Referring now to
In the present process, a buried dielectric stressor element is formed at a location of a semiconductor substrate, e.g., a silicon substrate, which underlies only a portion (not all) of an active semiconductor region.
Thereafter, a surface implanted region 422 is formed at a surface location of the semiconductor substrate, extending downward into the substrate 162 from the major surface 407, as shown in
Thereafter, the second masking layer 410 is stripped and the semiconductor substrate undergoes an anodization process to convert the pocket p-doped region 402 and the surface p-doped region 422 into buried porous semiconductor regions. The pocket p-doped region 402 and the surface p-doped region become porous semiconductor regions as a result of the anodization process.
The anodization process is as follows. The semiconductor substrate 162, which preferably consists essentially of silicon and which has buried p-type implanted pocket regions is placed or preferably submerged in a bath containing a solution of hydrogen fluoride (HF), as well as a platinum electrode. The semiconductor substrate 162 is connected to a positive terminal of a current source, and the platinum electrode is connected to the negative terminal of that current source is connected in conductive communication with the current source that is connected to the positive terminal. The current source supplies an anodization current to the semiconductor substrate and the HF solution which controls the anodization process. In the presence of the anodization current, the HF solution readily diffuses through the single crystal semiconductor (silicon) to the higher concentration p-type doped pocket regions.
In those higher concentration pocket regions, the HF solution reacts with the highly doped p-type silicon to form porous silicon regions 442, 444 (
After anodization, the substrate is then subjected to a hydrogen bake, which removes most of the implanted boron remaining in the silicon. It is necessary to eliminate high concentrations of boron from the silicon substrate at this stage in order to avoid such high concentrations from interfering with processes used to subsequently define the differently doped regions of a transistor, i.e., the channel region, the source and drain regions, halo and/or extension regions. The hydrogen bake is conducted at temperatures ranging from about 800 degrees centigrade (“C”) to 1,000 degrees C., for periods ranging from about 30 seconds to 30 minutes.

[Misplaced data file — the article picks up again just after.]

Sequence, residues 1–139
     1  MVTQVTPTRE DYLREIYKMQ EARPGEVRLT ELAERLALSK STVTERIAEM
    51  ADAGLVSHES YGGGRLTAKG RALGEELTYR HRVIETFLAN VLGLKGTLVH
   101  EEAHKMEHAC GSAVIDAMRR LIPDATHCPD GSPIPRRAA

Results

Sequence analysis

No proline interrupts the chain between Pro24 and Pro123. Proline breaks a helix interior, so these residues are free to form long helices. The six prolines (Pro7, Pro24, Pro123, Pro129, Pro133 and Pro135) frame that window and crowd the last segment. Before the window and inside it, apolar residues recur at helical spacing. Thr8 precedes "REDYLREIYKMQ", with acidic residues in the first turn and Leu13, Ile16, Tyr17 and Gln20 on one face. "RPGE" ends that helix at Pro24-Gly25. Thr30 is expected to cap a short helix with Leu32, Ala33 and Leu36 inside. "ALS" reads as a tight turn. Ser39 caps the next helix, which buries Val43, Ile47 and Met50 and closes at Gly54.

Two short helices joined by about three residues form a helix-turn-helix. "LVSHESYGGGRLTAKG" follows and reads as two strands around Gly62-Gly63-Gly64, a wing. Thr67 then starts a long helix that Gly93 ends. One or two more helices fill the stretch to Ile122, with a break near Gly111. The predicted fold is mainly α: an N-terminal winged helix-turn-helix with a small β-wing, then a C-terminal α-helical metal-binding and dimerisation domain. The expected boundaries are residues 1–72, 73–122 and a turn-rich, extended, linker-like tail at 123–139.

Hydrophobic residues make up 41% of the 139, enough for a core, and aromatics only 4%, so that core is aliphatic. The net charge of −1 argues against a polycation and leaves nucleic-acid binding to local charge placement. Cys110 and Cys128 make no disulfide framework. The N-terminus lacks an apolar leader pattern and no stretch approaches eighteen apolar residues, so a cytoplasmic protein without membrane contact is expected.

After the anodization and post-bake processes, regions 442, 444 (
As further illustrated in
Thereafter, the masking layer 408 is stripped and edges of the active semiconductor region are protected appropriately, as by forming spacers 412 of silicon nitride thereon, as depicted in
Depending on the degree of porosity within the porous regions, the dielectric stressor elements apply a compressive stress or a tensile stress to adjacent portions of the semiconductor substrate. This result is explained as follows. The volume of silicon dioxide is greater than silicon by a ratio of 2.25:1. Thus, when the proportion of silicon that remains within each porous silicon region is greater than 1/2.25 (i.e., the remaining silicon mass within the volume of the porous silicon region is greater than about 44% of the original mass), the resulting silicon dioxide expands, causing the dielectric regions to become compressively stressed when the porous regions are oxidized. Stated another way, the resulting silicon dioxide expands to become compressively stressed when the porosity is less than 56%, that is, when the amount of mass removed from the defined volume of the porous silicon region is less than 56% of the original mass.
Conversely, when the porosity is greater than 56%, the resulting silicon dioxide contracts, causing the resulting dielectric regions to become tensile stressed. As mentioned above, the degree of porosity is at least partly determined by the conditions under which the regions are implanted with boron and the conditions of the anodization process. In general, the degree of porosity is higher when the implanted boron concentration is higher, and the degree of porosity of lower when the implanted boron concentration is lower. Also, in general, higher porosity can be achieved when the current density of the anodization process is higher. Conversely, lower porosity is achieved when the current density is lower.